JM: I would make a distinction between the role of art as such and the role of cultural spaces. Art can take on many roles and approaches depending on the artist’s work, their positionality and interests. But the role of cultural spaces demands fostering and protecting dissent. This is what freedom of expression and freedom of art are about; the right to express ourselves differently, the right to critique state power, especially with regards to oppressed minorities. When this space is closed, we get conformity and complacency, the results of which we know very well in this country. Rather than learning how to be in-common through difference and dissent, we’ve witnessed a strengthening of the hegemonic state position, since the passing of the anti-BDS resolution in 2019, to the more hysterical avalanche of cancellations post-October 7th. The majority of the cultural establishment and its spaces have proven to be extensions of the staatsräson, that brazenly defends Zionism, criminalizes the critique of the state of Israel and either disavows or attempts to erase the legitimacy of Palestinian struggle and affect.

Today, the most important and interesting conversations are happening underground, in non-funded spaces, in solidarity events, student-run initiatives, semi-private venues and on the street. Out of a toxic mix of fear and opportunism, arrogance and ignorance, the German cultural establishment has rendered itself provincial and irrelevant.

Jumana Manna: ‘Foragers,’ installation view, Hollybush Gardens, London // Photo by Eva Herzog

ES: Can you speak a little about what you’re currently working on?

JM: I’m trying to write a new film that is broadly looking at what it means to remain in Jerusalem as a Palestinian: the particular sense of entrapment amongst a technologically powerful enemy, and the insistence on joy within what has been called the city of death.

In a different city, and what sometimes feels like a parallel world, I’m working on a large public sculpture in Oslo, commissioned by KORO—Public Art Norway, for the new Government Quarter in the center of town. This 800m2 plaza is a collage of repurposed stones that were once part of public infrastructure across Norway: stones of various colors, shapes, ages and sizes that were units in pavements, bridges, factories, schools, prisons, water drainage, roads, tunnels, ports, roundabouts, public sculptures, dams and walls. These infrastructural fragments have been gathered on a donation-basis from over 100 localities.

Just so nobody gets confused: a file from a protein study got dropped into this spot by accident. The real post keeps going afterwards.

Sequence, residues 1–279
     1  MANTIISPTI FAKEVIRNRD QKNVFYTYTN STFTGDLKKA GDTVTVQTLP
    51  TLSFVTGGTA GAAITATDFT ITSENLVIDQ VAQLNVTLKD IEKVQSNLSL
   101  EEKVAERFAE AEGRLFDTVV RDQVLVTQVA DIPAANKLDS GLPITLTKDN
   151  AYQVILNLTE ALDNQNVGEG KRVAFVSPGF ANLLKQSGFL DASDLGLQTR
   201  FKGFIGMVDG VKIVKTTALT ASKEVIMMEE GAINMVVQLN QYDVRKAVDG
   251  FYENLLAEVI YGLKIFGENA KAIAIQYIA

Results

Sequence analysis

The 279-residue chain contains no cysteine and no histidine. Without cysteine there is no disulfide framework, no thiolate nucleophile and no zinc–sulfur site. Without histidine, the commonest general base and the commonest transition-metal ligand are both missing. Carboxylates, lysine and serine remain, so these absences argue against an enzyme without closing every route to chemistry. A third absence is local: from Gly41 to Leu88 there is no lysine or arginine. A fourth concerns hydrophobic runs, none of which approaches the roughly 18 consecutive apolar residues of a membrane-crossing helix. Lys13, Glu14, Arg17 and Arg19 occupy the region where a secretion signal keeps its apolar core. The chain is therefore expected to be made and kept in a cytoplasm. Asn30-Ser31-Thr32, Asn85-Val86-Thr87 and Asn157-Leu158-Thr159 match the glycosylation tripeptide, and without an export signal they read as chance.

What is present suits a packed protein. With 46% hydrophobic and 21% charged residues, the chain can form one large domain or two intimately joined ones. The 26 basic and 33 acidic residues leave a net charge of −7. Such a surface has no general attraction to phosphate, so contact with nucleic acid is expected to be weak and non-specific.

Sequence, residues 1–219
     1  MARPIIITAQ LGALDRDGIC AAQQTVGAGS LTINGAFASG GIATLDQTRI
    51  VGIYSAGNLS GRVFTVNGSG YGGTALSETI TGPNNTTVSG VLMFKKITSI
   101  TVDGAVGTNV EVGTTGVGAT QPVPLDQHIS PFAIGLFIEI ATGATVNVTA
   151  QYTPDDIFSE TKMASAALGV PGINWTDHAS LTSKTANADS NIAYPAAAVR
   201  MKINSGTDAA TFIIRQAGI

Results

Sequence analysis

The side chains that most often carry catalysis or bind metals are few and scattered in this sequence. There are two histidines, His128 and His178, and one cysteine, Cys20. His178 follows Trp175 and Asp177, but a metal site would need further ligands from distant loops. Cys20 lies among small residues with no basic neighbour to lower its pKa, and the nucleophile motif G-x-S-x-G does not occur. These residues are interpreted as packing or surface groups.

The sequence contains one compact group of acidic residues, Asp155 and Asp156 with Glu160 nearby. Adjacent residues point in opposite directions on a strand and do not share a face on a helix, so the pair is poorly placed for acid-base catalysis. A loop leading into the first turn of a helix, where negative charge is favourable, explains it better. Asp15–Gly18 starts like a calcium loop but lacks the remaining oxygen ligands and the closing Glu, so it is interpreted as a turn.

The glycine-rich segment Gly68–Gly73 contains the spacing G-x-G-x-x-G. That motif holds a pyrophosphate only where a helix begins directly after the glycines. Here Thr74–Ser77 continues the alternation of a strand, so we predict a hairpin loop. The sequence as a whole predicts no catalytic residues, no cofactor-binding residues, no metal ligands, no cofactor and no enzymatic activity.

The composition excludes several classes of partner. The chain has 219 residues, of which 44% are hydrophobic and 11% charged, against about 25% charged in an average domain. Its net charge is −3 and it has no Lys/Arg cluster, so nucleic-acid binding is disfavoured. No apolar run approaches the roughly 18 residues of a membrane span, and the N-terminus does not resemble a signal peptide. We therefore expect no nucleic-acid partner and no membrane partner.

The scale of the project is so big, and in the first year we lived with it only through ideas and sketches. We’re currently installing the work onsite, and to stand on it and feel the energy of the composition in life scale has been really incredible. There’s an strange feeling, of excitement, privilege and melancholy, to be working on a permanent piece for Oslo at a time when Palestinian cultural heritage—our museums, archaeology, universities, homes, public spaces—is being erased in Gaza.

I’ve been thinking about a number of themes that I believe the work opens up as a prism: radical democracy, the inclusions and exclusions of nation-state governance, immigration, asylum, the necessity of remaining infinitely open to uninvited elements and non-extractivist approaches to construction. Questions that suddenly feel like a luxury to dwell in, as Palestinians are fighting against being reduced to bare life. I’ve been blessed to have a wonderful team and supportive institution that has given me continuity while so much else has fallen apart or been put under immense duress.

Exhibition Info

Kunsthall Stavanger

Jumana Manna: ‘Break, Take, Erase, Tally’
Exhibition: Mar. 7-Aug. 25, 2024
Madlaveien 33, 4009 Stavanger, Norway, click here for map


Jumana Manna: ‘Screenings and Studies’
Exhibition: June 1-July 20, 2024
Rua do Heroísmo 318, 4300-096 Porto, Portugal, click here for map

Taxispalais Kunsthalle Tirol

Group Show: ‘The Daughters’ Trilogy. Chapter I: Matriarchy’
Exhibition: May 17-Aug. 18, 2024
Maria-Theresien-Straße 45, 6020 Innsbruck, Austria, click here for map